The power of curiosity
Our brain is lazy and prefers that each day be exactly the same as the other in an attempt to save energy, doesn't like having to look for new and original solutions to the problems.
In the 1990s, Kirk R. Daffner developed a curious experiment to test the degree of people curiosity. He showed the participants some pairs of drawings, one of the images was always conventional and the other was more imaginative. One of the pairs of figures was made up of two straight lines on one side of the paper while on the other side were stripes and curves that seemed to have been drawn under the influence of drugs.
On the other image you could see on one side a drawing of an elephant and on the other a strange animal that was difficult to identify. When Daffner showed the pairs of images to a group of elderly people and asked them to choose which ones they found most interesting, he was very surprised. All those with Alzheimer's chose conventional drawings, while older people who were more mentally active tended to prefer the more surreal and original images.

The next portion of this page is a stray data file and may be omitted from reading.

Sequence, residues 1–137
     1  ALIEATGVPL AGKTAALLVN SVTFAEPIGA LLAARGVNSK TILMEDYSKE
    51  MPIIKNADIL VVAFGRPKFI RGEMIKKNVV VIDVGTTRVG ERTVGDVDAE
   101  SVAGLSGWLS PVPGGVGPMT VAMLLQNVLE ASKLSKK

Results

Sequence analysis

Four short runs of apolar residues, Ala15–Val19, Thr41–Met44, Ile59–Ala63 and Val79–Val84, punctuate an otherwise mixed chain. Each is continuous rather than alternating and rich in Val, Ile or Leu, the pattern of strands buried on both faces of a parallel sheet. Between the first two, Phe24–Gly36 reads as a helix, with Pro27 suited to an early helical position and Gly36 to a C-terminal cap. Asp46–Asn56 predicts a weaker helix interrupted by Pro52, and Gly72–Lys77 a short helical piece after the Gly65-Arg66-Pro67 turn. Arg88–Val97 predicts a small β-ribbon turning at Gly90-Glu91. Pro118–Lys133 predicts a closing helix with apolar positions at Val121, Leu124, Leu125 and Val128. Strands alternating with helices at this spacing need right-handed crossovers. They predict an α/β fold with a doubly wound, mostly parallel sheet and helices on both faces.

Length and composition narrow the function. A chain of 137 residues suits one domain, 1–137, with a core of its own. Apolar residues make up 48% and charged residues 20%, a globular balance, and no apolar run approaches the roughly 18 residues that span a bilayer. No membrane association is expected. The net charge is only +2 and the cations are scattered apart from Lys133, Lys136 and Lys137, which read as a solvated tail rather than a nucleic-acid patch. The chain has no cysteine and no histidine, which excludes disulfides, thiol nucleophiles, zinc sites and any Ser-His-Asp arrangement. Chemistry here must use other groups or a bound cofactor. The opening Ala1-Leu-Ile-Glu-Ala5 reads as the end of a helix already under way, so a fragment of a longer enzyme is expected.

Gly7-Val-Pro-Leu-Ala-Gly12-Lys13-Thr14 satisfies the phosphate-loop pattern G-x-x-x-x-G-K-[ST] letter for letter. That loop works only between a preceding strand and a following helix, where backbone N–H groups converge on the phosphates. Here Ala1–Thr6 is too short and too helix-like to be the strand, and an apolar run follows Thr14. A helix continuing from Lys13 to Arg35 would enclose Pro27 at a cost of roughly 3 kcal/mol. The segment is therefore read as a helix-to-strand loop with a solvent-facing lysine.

Numerous subsequent experiments have shown that people with more flexible and open minds are better preserved over the years and recognize that they are happier. The scans also reveal that people in their 60s, 70s and 80s who are more curious and mentally active have a younger brain because it has more strong nerve connections. Being routine makes your brain a mess.
Passion to know delays mental deterioration, we cannot and shouldn't allow ourselves to tire of life and resign ourselves to stop learning something new with the excuse that we are old. As we get older we need to be more active and curious, neuroscience proves that the brain is flexible and can always learn. There's nothing that activates the pleasure centers more intensely than to delve into everything that interests us.
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